LaFreniere said commissioners may disagree on a topic, but this does not mean board members are allowed to undermine the decision of the group.
“We’re a board,” LaFreniere said. “We can sit here and disagree all night, but by the time the meeting’s over, we’ve voted on the direction to go. That’s paramount to me. You don’t undermine your management team, and that’s got to stop. We’ve got to support each other. It’s just got to stop, and we’ve got to fix it.”
Rice corrected Wettstein, stating commissioners can talk to department heads, something the chairman said he does on nearly a daily basis.
“I’ve never had any trouble with that,” Rice said. “There might be a difference between talking to department heads and offering suggestions or seeing how things are getting along and giving directions. In the two years I’ve been here, I’ve talked to many department heads many times, and I’ve never had any trouble doing that or any repercussions as a result of it.”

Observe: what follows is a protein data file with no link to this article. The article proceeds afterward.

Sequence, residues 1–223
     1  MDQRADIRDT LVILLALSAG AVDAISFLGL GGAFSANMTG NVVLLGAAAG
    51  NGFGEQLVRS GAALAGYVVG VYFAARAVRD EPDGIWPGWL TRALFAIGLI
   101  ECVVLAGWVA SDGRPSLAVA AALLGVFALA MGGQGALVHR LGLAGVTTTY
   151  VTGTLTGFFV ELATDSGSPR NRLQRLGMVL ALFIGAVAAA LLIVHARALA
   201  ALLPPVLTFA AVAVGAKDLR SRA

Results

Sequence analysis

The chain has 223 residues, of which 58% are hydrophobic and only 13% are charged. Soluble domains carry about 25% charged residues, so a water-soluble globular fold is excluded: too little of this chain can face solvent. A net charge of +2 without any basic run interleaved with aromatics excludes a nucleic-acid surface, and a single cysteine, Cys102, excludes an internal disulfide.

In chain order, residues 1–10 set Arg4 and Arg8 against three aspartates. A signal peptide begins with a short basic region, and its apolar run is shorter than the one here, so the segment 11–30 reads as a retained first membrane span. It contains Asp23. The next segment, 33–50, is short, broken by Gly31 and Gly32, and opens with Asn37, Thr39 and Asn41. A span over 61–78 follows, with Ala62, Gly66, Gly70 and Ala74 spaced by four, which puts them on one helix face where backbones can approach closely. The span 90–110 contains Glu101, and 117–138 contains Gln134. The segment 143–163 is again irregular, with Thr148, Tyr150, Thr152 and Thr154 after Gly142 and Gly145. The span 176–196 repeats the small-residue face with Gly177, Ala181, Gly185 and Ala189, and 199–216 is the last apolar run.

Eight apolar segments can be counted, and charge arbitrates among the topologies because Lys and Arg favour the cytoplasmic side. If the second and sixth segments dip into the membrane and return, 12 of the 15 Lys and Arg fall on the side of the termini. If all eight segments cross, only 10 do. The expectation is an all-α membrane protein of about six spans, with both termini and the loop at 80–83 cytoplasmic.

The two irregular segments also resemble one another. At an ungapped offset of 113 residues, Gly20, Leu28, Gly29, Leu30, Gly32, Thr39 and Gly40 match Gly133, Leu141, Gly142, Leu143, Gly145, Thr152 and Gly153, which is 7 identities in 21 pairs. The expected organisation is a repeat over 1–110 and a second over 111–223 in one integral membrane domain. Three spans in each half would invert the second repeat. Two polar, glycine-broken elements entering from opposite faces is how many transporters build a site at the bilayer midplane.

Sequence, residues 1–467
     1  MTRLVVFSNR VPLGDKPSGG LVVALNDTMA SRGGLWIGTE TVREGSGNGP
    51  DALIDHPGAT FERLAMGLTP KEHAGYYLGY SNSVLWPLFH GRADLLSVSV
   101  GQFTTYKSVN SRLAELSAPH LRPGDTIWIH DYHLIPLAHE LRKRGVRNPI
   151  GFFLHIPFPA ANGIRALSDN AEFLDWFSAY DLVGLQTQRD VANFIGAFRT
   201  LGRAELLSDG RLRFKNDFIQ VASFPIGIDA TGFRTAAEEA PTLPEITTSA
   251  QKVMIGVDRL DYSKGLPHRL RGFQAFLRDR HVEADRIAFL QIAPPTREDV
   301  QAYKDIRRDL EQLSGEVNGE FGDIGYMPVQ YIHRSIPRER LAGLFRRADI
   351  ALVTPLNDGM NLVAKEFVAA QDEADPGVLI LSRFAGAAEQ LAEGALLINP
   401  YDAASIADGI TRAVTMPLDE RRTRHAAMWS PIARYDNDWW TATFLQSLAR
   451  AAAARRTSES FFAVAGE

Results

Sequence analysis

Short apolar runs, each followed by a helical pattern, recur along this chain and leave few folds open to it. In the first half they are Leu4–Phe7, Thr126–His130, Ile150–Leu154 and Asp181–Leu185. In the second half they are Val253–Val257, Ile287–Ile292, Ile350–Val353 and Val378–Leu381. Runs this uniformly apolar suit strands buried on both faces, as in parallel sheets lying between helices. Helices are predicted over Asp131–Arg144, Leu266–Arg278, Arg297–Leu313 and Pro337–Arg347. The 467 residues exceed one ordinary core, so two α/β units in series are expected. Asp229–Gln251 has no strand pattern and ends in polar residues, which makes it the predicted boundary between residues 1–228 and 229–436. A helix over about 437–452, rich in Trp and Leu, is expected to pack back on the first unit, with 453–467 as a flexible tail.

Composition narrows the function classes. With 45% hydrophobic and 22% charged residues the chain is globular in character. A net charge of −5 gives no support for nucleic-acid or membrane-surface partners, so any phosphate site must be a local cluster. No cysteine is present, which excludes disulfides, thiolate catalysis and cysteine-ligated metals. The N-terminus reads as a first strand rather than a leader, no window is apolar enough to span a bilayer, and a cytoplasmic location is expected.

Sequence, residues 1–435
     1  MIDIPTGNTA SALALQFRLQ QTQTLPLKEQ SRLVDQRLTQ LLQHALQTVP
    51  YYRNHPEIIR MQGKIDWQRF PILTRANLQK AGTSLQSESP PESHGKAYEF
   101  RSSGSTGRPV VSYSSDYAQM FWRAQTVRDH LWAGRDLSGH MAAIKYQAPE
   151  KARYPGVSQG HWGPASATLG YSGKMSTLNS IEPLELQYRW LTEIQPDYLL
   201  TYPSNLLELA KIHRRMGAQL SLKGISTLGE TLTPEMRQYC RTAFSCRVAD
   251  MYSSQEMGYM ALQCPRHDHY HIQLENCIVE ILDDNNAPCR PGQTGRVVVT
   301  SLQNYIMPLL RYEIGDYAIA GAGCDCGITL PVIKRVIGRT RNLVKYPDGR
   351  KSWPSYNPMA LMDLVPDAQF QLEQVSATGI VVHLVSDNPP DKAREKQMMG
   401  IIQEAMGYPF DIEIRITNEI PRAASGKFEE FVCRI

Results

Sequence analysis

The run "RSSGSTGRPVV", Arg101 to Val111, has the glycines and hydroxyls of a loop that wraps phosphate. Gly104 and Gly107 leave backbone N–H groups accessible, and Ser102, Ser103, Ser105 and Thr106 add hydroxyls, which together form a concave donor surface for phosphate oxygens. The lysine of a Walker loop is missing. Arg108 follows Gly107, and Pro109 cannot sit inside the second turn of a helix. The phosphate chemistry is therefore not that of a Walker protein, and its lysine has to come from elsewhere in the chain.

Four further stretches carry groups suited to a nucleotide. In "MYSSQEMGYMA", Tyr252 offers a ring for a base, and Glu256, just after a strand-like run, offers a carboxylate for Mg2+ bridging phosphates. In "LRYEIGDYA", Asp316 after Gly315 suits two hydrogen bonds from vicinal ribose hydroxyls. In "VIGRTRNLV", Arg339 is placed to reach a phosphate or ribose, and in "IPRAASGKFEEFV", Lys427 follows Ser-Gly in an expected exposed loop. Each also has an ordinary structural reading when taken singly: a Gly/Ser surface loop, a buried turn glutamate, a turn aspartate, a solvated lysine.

Commissioner Ada Linenbroker said she felt the timing of the survey was also inappropriate.
“You go around the day that we’re taking one of our candidates around to meet the department heads, and to have this survey you hand delivered to all the department heads, that doesn’t look good,” she said. “We’re wanting them to meet this guy and get to know him so they can get an opinion so we can get the feedback from them, and you hand them this survey that they’re looking at.”
Linenbroker said the survey does not present the right kind of look for the county, particularly for the perspective candidates for the administrator position.
“If you wanted to do the survey, you should’ve done it a long time ago when they first started talking about this, not to wait till when we’re trying to bring somebody in and give them a good look at what our department heads are, not people sitting there going, ‘What am I supposed to do with this?’ It just wasn’t kosher to do it that day,” she said.